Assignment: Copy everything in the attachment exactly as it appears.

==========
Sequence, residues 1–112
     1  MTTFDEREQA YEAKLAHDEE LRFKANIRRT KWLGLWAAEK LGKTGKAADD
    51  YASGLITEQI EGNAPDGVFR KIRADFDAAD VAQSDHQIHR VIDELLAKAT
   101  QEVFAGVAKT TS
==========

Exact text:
Sequence, residues 1–112
     1  MTTFDEREQA YEAKLAHDEE LRFKANIRRT KWLGLWAAEK LGKTGKAADD
    51  YASGLITEQI EGNAPDGVFR KIRADFDAAD VAQSDHQIHR VIDELLAKAT
   101  QEVFAGVAKT TS